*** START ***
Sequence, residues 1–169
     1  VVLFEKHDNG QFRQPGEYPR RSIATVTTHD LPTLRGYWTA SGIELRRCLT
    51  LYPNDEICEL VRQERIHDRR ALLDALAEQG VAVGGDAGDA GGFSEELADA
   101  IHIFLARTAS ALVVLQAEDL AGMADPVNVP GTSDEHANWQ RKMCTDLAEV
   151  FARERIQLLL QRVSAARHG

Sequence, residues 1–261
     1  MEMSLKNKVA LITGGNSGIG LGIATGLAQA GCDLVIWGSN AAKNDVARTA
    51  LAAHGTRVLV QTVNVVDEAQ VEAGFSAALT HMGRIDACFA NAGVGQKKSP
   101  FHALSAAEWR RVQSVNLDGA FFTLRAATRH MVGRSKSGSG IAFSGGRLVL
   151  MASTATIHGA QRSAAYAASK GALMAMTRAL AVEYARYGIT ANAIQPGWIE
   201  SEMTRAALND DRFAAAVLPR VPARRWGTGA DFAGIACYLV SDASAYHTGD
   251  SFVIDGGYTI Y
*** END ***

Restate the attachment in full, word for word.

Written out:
Sequence, residues 1–169
     1  VVLFEKHDNG QFRQPGEYPR RSIATVTTHD LPTLRGYWTA SGIELRRCLT
    51  LYPNDEICEL VRQERIHDRR ALLDALAEQG VAVGGDAGDA GGFSEELADA
   101  IHIFLARTAS ALVVLQAEDL AGMADPVNVP GTSDEHANWQ RKMCTDLAEV
   151  FARERIQLLL QRVSAARHG

Sequence, residues 1–261
     1  MEMSLKNKVA LITGGNSGIG LGIATGLAQA GCDLVIWGSN AAKNDVARTA
    51  LAAHGTRVLV QTVNVVDEAQ VEAGFSAALT HMGRIDACFA NAGVGQKKSP
   101  FHALSAAEWR RVQSVNLDGA FFTLRAATRH MVGRSKSGSG IAFSGGRLVL
   151  MASTATIHGA QRSAAYAASK GALMAMTRAL AVEYARYGIT ANAIQPGWIE
   201  SEMTRAALND DRFAAAVLPR VPARRWGTGA DFAGIACYLV SDASAYHTGD
   251  SFVIDGGYTI Y